The link between ‘fire mosaics’ and persistence of animal species is part of a prominent ecological/land management paradigm. This paradigm deals largely with the effects of fire on animals on the basis of individual events. The universality of the paradigm can be questioned on a variety of grounds, a major deficiency being the inability to deal with quantitative effects of recurrent fire (the fire regime). A conceptual model of fire-related habitat elements is proposed for exploration of a continuum of species/habitat/landscape/fire regime combinations. This approach predicts that the dependence of species on fire-mediated habitat heterogeneity will be highly variable and strongly context-dependent. A spatially explicit simulation model was used to examine the persistence of malleefowl (Leipoa ocellata) in a specific landscape/habitat context where dependence on fire-mosaics should be high. Results suggest that persistence of L. ocellata populations will be dependent on intervention using small patchy fires but that there is an optimum rate of intervention. Results were sensitive to spatial pattern of prescribed fire, landscape type (topography) and probability of wildfire. Underlying effects of the fire-interval distribution (the ‘invisible’ mosaic) on plant species and habitat account for these results. A management emphasis on species/landscape context and awareness of the ‘invisible’ mosaic is advocated.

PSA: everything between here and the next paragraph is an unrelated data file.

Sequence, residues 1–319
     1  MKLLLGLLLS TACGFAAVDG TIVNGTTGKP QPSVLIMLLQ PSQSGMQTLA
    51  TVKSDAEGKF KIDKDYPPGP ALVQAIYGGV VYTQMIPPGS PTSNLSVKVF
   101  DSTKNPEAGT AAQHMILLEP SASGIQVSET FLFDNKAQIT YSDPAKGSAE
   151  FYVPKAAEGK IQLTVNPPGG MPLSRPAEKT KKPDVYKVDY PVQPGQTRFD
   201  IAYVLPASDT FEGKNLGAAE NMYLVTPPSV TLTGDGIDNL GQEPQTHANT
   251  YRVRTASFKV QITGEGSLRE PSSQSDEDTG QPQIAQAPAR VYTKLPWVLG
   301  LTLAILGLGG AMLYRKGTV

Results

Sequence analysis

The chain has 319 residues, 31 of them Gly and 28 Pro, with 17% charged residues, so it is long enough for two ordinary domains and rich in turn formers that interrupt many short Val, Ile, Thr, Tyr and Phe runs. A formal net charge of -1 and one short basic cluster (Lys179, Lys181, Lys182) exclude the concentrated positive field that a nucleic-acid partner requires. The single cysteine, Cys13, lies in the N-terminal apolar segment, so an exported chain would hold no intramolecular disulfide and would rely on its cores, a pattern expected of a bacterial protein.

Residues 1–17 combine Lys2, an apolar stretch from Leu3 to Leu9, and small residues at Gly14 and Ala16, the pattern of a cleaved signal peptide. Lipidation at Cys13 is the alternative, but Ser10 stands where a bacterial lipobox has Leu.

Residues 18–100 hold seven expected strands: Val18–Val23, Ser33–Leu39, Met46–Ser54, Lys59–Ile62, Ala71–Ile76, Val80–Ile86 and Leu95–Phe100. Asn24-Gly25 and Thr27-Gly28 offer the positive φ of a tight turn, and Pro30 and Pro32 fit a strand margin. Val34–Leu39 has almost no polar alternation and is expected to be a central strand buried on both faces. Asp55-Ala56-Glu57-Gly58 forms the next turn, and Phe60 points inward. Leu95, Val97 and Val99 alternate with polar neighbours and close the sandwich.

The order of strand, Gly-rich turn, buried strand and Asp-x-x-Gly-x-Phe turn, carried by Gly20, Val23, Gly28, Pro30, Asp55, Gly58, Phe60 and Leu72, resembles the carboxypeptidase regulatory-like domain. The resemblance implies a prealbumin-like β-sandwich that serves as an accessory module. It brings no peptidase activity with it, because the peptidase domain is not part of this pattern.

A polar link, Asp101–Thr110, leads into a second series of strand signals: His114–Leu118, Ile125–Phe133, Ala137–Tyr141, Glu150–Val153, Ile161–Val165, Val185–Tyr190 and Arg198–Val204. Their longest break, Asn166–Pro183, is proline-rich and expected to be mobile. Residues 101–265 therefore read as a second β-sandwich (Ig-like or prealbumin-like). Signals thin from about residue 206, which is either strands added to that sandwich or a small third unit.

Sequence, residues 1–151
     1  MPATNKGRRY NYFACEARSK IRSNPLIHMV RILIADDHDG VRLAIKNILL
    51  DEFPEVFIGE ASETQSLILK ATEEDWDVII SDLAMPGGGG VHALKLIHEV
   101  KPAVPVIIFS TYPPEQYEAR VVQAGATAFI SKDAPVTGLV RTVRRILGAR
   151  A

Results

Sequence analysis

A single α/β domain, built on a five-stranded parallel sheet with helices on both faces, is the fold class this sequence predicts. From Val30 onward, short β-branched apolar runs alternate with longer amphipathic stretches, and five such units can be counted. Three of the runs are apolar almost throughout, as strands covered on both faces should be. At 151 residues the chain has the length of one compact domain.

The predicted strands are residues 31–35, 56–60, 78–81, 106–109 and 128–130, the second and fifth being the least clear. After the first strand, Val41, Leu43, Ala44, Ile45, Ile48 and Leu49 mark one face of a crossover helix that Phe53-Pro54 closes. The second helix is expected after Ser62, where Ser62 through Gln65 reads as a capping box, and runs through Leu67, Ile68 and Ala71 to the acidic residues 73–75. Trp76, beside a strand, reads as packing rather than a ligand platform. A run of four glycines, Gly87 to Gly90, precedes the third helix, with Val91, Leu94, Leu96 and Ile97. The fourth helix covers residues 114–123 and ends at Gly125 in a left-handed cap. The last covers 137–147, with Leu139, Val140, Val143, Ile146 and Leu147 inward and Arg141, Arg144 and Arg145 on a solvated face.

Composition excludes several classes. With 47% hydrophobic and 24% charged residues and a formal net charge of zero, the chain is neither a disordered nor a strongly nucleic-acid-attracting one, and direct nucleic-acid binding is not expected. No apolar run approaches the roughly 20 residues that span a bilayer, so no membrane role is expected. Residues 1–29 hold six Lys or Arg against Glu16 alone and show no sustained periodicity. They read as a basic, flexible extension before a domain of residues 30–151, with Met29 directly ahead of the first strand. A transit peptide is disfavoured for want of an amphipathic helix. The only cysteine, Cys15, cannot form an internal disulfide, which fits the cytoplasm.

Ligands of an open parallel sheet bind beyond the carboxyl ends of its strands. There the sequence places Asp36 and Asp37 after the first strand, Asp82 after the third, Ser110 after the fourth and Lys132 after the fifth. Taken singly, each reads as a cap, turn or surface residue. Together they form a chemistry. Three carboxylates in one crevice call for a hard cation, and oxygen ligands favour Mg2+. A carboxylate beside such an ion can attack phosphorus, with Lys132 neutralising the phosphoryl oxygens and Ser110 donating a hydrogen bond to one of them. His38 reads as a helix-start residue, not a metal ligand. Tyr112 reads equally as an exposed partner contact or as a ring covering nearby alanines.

Summary1. Plant functional types (PFTs) are groups of species sharing traits that govern their mechanisms of response to environmental perturbations such as recurring fires, inundation, grazing, biological invasions and global climate change. The key components of a PFT approach are an underlying model of vegetation dynamics for a given system and a classification of functional types based on traits deduced from key processes in the model. 2. Prediction and generalization underpin the potential utility of the PFT approach for understanding ecosystem behaviour. For PFTs to be useful in ecosystem management, they (in concert with their underlying model) must reliably predict vegetation change under given environmental scenarios and they must produce robust generalizations across the species that are classified and the range of environments in which they occur. 3. The efficacy of plant functional types has been explored using various approaches in a wide range of ecosystems. However, very few studies have tested the accuracy and generality of PFT predictions against vegetation changes observed empirically over medium to long time scales. 4. We applied this approach to examine the predictive accuracy and generality of a PFT classification and an associated model of vegetation dynamics for a fire-prone, species-rich wet heathland in south-eastern Australia. We assigned each species to one of six PFTs derived using a deductive approach based on the vital attributes scheme. We measured their initial abundance at a set of sample sites distributed across local environmental gradients. We used the PFT traits and processes in the underlying model to predict qualitative changes in abundance in response to a fire regime scenario observed at the sample sites during a subsequent period of 21 years. We then re-surveyed the sample sites to compare predictions with observed changes in abundance. 5. The PFTs and their underlying model produced an accurate prediction of average vegetation responses over the 21-year period. The majority of species within each PFT exhibited the predicted response and few species had strongly opposing responses in different environments. However, not all species within a PFT underwent the predicted direction of change, and responses of individual species were not uniform across the environmental gradients. 6. Synthesis . We conclude that plant functional types based on vital attributes are very useful tools for prediction and generalization in ecosystem management, although interpretations need to be tempered by the fact that PFTs may not accurately predict responses of all species across all environments.